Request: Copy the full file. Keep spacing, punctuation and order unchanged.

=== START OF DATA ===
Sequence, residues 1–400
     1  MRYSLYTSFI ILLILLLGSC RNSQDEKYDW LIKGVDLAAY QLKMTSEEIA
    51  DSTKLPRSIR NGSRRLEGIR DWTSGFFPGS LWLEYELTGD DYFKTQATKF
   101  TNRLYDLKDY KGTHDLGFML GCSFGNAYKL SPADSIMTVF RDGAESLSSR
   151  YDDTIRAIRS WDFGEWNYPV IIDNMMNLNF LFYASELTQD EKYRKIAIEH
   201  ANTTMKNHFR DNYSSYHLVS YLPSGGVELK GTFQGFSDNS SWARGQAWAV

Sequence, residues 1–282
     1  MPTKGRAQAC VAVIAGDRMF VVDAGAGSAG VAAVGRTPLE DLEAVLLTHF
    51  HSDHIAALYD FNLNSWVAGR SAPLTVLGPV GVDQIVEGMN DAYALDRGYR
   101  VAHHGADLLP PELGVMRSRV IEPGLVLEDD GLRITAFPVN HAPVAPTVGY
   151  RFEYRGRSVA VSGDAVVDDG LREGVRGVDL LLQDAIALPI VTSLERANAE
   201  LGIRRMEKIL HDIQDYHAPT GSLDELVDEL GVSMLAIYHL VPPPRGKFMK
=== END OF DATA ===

Sequence, residues 1–400
     1  MRYSLYTSFI ILLILLLGSC RNSQDEKYDW LIKGVDLAAY QLKMTSEEIA
    51  DSTKLPRSIR NGSRRLEGIR DWTSGFFPGS LWLEYELTGD DYFKTQATKF
   101  TNRLYDLKDY KGTHDLGFML GCSFGNAYKL SPADSIMTVF RDGAESLSSR
   151  YDDTIRAIRS WDFGEWNYPV IIDNMMNLNF LFYASELTQD EKYRKIAIEH
   201  ANTTMKNHFR DNYSSYHLVS YLPSGGVELK GTFQGFSDNS SWARGQAWAV

Sequence, residues 1–282
     1  MPTKGRAQAC VAVIAGDRMF VVDAGAGSAG VAAVGRTPLE DLEAVLLTHF
    51  HSDHIAALYD FNLNSWVAGR SAPLTVLGPV GVDQIVEGMN DAYALDRGYR
   101  VAHHGADLLP PELGVMRSRV IEPGLVLEDD GLRITAFPVN HAPVAPTVGY
   151  RFEYRGRSVA VSGDAVVDDG LREGVRGVDL LLQDAIALPI VTSLERANAE
   201  LGIRRMEKIL HDIQDYHAPT GSLDELVDEL GVSMLAIYHL VPPPRGKFMK